For the past 5 years, urbz has been following families who's lives are spread between Mumbai and their ancestral villages in the Konkan (Western India).
What would be your answer to ‘what’s home for you?’ Is it a place, a city, certain objects or an emotion? In a world where people are constantly migrating between the cities, towns and villages, the answer is not very evident. A person hails from a certain place, grew up in another, migrates towards job opportunities and may move again to follow dreams, leaving a trail of footprints across their personal circulatory life map. Little parts of each of these places make up the idea of ‘home’. At the constellation.s exhibition in Bordeaux, we tried to understand what ‘home’ meant to various visitors. The questions we asked them were ‘where do you live now?’, ‘where do you hail from?’, ‘what other places have you lived in?’ and ‘what is your ideal habitat?’. These questions take away from the idea that the house is synonymous with home. In an effort to investigate the relationship between the different spaces that the individual has occupied, we directed our questions to differentiate between the house, home, habitat and the ideal living condition.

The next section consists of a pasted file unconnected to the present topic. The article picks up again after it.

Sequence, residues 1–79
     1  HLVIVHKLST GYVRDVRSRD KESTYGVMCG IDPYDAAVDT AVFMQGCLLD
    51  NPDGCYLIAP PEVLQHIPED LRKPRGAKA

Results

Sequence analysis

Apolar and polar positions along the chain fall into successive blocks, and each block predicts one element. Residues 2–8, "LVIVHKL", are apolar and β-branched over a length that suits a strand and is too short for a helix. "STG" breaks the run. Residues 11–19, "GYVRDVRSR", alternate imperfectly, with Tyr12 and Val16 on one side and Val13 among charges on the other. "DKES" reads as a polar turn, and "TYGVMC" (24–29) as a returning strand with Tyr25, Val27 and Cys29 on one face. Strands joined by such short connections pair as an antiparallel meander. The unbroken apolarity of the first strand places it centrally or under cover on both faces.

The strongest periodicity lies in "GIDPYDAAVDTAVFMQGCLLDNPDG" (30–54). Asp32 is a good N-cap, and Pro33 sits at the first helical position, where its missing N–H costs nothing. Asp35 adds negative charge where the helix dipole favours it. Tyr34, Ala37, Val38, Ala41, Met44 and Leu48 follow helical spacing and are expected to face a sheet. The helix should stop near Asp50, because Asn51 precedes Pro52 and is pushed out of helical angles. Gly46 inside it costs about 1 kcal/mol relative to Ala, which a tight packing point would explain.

While the answers varied from individual to individual, a common expression for the ideal home emerged: home is not one place. For some, home was coming back from a long day and finding comfort in slipping into their bedroom slippers. For some, the ideal was picking little favourites from the various places they had lived in, and having it one place: their childhood house in the countryside, their friends from where they studied, their job from the city, their pool from a holiday house, their favourite food from their county and so on. For a lot of people, home was about the people that mattered, even if they were scattered across the globe. ‘Home’ could be multiple places which would move with people’s trajectories. For others, the ideal arrangement was in the movement of moving between the various places they were connected to. As one of the visitors put it, ‘home is not a place, it’s a condition’.